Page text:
issues

THE VEXATIOUS BUDGET OF NIGERIA’S NATIONAL ASSEMBLY

Good day folks.

I have seen a few online petitions going around lately and one has caught my attention. The petition requesting the National Assembly (NASS) to open its book regarding the perennial N150 Billion (Approx. $600 Million) budget is a feel good one, but really doesn’t open up the matter. It’s okay to sign the petition, but more informative to understand the issues.

Let’s remember that the cold war between the Presidency and the NASS started in 2011, when President Jonathan refused to approve the NASS budget that was increased from N112.24 billion to N232.74 Billion (over 100% increase). The President had proposed N120 Billion, but eventually both parties agreed to settled for N150 Billion, which has remained the yearly budget till 2014 (Their budget was slashed in 2015 to N115 Billion). From that point on, the NASS practically stood in the way of the Executive over several issues, for which Nigerians paid the ultimate price. Can you imagine that if left unchecked, the NASS would have been blowing over N200 Billion on themselves????

Prior to 2011, there was some level of budget breakdown for the monies allocated to the NASS. We could tell what went to the Senate, House of Representatives, NASS Service Commission, etc. For the past 4 years however, no one has been able to breakdown this budget of N150 Billion despite the various demands by pressmen relying on the Freedom of Information Act.
Continue reading

Standard
issues

A TRIBUTE TO MY OUTGOING PRESIDENT: YOU SIR, HAVE MY RESPECT.

Goodluck PencilReally, you didn’t have much of a choice because the handwriting was clear that Nigerians needed a change. Not because you didn’t do well, but because the propaganda against you was seethed in the red hot belly of strong alliance that formed from the moment the unexpected knocked on your doors.

Despite the failures of your government, both perceived and real, your nobility breaks through the preponderance of narrow narratives of politics and persuasions that border on the preposterous. I believe you were given to our country as that lonely wall upon which our differences, vexations, animosities, and bile will be nailed to, just to unite us on the common activity of breathing out our devils.

Personally, I do not prefer your leadership style. To this, I have learnt that we are all made different and crafted for a given time, a given setting, and given people. For this, I can see through the heat and mist of my desire, beyond the trifling conveniences of my ignorant learning, to the higher calling of personal graces with which some are endowed.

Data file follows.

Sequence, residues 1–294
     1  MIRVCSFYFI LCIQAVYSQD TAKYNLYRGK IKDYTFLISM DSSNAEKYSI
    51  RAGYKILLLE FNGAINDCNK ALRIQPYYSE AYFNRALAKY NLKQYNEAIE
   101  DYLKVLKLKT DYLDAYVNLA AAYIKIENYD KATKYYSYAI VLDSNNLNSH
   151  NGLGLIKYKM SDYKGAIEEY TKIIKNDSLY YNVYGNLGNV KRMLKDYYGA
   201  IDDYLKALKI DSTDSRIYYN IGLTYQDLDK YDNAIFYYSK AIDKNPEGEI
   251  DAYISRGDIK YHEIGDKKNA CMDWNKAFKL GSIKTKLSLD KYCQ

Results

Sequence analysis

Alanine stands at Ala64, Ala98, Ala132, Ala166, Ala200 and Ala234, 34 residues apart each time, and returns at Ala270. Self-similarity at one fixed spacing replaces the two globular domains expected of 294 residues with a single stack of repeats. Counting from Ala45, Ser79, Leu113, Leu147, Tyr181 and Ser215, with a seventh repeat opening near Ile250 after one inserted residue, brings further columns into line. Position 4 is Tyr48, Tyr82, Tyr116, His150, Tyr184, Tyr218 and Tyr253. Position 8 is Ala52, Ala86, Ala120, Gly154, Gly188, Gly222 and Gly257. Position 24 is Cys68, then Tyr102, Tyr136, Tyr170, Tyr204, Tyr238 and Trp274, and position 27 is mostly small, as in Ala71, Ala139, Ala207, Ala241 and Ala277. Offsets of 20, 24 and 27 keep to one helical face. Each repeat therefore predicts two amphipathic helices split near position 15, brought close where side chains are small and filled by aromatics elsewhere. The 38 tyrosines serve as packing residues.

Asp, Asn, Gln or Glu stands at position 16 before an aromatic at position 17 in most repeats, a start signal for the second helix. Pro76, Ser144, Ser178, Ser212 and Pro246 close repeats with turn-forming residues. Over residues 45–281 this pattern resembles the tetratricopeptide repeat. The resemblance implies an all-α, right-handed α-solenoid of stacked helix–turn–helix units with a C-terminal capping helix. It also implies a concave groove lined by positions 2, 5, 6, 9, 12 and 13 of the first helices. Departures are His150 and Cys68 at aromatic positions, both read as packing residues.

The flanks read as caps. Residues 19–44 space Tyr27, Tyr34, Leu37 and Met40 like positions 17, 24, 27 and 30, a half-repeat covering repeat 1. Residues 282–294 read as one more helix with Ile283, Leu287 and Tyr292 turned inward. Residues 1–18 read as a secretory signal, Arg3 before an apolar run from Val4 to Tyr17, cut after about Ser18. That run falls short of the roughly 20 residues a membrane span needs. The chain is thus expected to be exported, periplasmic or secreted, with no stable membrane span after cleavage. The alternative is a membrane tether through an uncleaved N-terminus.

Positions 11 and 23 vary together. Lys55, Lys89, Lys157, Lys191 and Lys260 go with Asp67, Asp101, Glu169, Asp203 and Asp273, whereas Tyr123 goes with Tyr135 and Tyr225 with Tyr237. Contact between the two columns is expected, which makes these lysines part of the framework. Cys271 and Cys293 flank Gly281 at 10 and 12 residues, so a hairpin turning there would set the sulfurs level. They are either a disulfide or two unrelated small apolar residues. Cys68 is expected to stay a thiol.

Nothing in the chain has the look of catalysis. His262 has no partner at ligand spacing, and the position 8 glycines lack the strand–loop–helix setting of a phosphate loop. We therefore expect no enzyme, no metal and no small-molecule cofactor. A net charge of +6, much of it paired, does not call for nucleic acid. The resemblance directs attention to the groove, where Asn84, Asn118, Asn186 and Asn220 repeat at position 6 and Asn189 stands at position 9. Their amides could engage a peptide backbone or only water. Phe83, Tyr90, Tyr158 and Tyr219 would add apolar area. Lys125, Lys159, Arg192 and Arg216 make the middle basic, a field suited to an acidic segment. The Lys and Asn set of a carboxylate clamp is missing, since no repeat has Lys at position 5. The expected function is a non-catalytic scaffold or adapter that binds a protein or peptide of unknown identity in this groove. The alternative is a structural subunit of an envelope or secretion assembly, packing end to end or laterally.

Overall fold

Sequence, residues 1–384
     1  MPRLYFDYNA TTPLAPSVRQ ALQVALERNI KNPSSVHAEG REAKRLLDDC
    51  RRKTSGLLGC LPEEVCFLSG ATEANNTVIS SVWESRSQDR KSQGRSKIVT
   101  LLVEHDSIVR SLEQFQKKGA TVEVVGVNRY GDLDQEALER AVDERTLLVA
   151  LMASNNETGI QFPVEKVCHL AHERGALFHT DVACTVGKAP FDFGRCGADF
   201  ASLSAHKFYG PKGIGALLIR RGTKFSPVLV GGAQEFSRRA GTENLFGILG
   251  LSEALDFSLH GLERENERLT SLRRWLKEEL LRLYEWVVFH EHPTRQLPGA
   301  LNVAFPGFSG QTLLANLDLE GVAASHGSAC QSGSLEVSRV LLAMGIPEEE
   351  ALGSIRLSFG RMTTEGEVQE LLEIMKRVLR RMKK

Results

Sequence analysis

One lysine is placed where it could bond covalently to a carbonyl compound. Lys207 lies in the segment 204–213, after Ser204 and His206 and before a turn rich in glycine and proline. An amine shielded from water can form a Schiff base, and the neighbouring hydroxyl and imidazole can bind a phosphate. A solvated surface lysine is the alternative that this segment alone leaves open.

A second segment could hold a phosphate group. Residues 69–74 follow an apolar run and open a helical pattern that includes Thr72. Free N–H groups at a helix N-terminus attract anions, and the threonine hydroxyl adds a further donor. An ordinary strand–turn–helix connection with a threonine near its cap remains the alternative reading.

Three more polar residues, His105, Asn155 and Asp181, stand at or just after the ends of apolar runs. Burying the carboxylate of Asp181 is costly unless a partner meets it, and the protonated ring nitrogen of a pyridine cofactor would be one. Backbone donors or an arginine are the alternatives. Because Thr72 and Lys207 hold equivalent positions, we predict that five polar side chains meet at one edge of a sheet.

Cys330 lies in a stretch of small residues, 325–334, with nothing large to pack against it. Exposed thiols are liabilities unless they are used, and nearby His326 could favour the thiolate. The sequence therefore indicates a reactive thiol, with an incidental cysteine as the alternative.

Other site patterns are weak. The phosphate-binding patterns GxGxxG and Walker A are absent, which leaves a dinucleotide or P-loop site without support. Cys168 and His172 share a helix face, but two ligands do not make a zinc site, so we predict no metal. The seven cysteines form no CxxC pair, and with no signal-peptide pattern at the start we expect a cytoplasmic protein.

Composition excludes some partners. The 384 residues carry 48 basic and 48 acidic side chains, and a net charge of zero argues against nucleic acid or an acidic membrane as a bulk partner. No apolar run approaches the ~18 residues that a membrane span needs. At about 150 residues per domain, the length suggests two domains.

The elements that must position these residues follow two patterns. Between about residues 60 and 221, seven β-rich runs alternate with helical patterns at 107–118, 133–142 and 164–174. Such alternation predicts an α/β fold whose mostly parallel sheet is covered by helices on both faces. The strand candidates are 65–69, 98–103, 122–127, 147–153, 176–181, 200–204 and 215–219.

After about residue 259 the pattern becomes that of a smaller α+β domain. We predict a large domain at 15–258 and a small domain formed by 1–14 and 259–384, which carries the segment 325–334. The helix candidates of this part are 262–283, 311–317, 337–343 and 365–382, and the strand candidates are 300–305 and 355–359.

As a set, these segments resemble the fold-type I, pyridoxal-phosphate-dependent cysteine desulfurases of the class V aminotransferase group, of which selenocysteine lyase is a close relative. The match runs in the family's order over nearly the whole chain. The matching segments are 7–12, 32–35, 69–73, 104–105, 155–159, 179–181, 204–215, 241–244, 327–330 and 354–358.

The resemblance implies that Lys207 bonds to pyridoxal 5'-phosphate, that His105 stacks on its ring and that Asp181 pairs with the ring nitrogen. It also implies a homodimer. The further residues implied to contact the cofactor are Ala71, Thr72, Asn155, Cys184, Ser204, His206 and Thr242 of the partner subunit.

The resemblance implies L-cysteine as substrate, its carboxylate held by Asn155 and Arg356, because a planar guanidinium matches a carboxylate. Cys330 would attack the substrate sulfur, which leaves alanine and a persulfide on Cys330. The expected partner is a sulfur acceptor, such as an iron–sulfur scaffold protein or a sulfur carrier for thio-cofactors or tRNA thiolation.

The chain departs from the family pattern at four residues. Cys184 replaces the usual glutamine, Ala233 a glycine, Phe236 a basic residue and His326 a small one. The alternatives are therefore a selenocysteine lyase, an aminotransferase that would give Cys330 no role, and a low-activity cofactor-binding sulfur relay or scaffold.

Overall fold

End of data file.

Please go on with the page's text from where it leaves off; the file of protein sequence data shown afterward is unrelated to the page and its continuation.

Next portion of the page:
Continue reading

Standard
Fiction

THE LIFE IN CALABAR – AN INCONSEQUENTIAL SHORT STORY

I drove out of the airport at about 7:15 pm local time on Sunday and was mindful not to cause any delays in the exit lane from the parking lot. The parking receipt had slipped through the space between the driver’s seat and the fancy hand rest. I struggled to squeeze my fat fingers through to where the coloured paper rested while keeping the car in motion since from the rearview mirror there was a convoy of government officials trailing. I was driving a rental car, a small mini sedan which I often drove home from the airport instead of taking the light rail into town and hissing at every stop of the 45 minutes journey. Luckily, my dear friend Esther was manning the final exit gate and she simply waved me on and reminded me “Bros Bee, I’m still waiting for the trip oh!”. “I will call you”, I shouted in response. Call her fire! Ever since I met her at a restaurant in town and told her of my weekend getaway with my wife and friends to Creek Town holiday resort, she has bugged me severally to take her family along the next time I went.

The 1km road from the airport terminates at the ‘Welcome to Calabar’ roundabout, a massive landmark which unites three major expressways leading to the major districts in the City of Calabar. Beautifully constructed and well maintained, I usually take a deep breath when I get to drive around it to remind myself why I love this town. At nights, the dancing streams of water shot from powerful nozzles are coloured by underground lights and quite spectacular to behold. The water acrobatics from the concentric pools move with the rhythm of the local Efik percussions. At Christmas, tourists are usually treated to some elaborate water displays while driving into the city.
Continue reading

Standard